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The objective of this study was to identify farm characteristics that were associated with cow (Bos taurus) welfare outcomes, including mortality rate, culling by 60 days of lactation, survival to ≥ 6 years of age and ≥ 5th parity (aged cows), somatic cell score, milk yield,
and milk composition. Data were collected on housing systems, feeding systems, pasture strategies, bedding type, labour management practices and other farm characteristics in face-to-face interviews with 314 Pennsylvania dairy herd owners where performance records were available. Five herd
management systems were identified in the sample: free-stalls with complete confinement (n = 37); free-stalls that allowed outdoor access (n = 76); tie-stalls with complete confinement (n = 52); tie-stalls with outdoor access and that fed a total mixed ration (n = 72); and tie-stalls with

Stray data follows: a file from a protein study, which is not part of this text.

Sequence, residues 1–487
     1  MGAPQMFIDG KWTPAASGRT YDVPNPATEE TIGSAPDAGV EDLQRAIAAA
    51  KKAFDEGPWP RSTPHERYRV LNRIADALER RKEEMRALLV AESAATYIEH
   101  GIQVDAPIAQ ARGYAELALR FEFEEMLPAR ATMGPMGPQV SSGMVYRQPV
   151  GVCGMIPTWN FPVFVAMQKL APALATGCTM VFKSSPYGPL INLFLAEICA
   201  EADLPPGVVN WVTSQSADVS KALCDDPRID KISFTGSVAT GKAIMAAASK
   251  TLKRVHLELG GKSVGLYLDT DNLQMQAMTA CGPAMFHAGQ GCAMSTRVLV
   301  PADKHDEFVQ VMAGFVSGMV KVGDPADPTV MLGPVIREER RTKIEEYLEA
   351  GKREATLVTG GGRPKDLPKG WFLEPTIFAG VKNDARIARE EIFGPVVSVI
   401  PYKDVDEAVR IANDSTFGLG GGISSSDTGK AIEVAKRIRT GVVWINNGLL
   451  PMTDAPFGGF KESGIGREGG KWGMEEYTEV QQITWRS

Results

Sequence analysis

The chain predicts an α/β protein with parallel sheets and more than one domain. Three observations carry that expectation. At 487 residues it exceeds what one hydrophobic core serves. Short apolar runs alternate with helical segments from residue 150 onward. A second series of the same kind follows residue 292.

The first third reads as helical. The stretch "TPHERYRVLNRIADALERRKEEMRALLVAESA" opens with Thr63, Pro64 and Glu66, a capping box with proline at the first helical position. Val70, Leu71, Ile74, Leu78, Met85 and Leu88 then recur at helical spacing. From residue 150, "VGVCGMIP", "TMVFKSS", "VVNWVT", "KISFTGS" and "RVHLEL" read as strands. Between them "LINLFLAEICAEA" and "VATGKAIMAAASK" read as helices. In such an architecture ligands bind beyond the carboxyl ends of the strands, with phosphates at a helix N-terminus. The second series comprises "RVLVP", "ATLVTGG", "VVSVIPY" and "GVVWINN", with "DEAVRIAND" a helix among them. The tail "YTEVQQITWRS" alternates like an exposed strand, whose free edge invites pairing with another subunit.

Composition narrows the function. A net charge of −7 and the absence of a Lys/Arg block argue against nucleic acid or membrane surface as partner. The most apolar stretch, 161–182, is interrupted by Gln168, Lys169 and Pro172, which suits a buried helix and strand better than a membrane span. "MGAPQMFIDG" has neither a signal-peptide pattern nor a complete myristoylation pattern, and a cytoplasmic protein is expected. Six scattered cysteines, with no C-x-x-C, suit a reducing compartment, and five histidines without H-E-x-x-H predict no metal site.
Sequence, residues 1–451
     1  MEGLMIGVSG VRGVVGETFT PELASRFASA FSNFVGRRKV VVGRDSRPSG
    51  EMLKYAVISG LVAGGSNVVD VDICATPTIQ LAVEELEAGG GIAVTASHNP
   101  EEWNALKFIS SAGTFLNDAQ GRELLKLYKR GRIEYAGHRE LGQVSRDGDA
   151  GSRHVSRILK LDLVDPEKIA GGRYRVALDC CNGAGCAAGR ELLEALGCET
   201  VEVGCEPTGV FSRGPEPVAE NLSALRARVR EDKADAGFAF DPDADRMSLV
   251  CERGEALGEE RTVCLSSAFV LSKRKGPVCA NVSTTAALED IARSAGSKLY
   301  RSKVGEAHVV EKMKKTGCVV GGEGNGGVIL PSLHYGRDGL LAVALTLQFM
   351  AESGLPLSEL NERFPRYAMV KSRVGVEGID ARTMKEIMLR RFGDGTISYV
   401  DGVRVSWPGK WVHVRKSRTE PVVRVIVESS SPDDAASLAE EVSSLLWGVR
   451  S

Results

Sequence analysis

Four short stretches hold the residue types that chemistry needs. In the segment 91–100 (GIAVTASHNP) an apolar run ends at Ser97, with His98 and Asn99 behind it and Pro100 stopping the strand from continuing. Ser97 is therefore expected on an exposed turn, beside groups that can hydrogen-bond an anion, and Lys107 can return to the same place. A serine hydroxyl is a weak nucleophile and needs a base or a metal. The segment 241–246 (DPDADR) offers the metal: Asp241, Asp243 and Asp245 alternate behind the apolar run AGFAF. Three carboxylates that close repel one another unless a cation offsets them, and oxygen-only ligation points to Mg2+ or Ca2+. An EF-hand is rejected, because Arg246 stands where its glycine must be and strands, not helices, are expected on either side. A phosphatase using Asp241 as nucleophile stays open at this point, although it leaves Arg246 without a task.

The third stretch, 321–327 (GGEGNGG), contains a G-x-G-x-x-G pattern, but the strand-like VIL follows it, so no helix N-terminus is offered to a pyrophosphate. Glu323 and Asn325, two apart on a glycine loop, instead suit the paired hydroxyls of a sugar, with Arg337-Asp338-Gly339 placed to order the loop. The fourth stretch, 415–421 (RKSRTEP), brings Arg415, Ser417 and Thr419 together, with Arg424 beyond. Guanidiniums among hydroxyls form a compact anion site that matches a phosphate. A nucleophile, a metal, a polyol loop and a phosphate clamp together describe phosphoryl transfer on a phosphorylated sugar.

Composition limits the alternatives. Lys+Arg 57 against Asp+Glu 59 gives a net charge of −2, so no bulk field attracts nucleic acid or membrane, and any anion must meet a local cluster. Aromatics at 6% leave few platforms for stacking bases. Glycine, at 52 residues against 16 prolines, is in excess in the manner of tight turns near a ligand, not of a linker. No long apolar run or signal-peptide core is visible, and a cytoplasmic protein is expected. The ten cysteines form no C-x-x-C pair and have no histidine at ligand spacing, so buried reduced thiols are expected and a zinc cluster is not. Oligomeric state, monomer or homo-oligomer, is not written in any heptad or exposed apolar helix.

outdoor access and that did not feed a total mixed ration (n = 77). Welfare outcomes were evaluated with multivariable linear regression models and marginal means were estimated for herd management system. Tie-stalls that allowed outdoor access and that did not feed total mixed rations had
the lowest mortality rate (2.0%), culling in the first 60 days of lactation (5.1%), and the highest proportion of aged cows (13.8%). Those herds also had high lifetime-to-date milk yield, a low proportion of fat-protein inversions, and low somatic cell scores. Free-stalls with complete confinement
had significantly higher levels of mortality (8.3%), culling in the first 60 days of lactation (9.7%), and fewer aged cows (6.4%). It was concluded that shifts toward more efficient herd management systems have not benefited cow health and welfare. This suggests that cow welfare has been compromised
to facilitate the economic survival of dairy farms.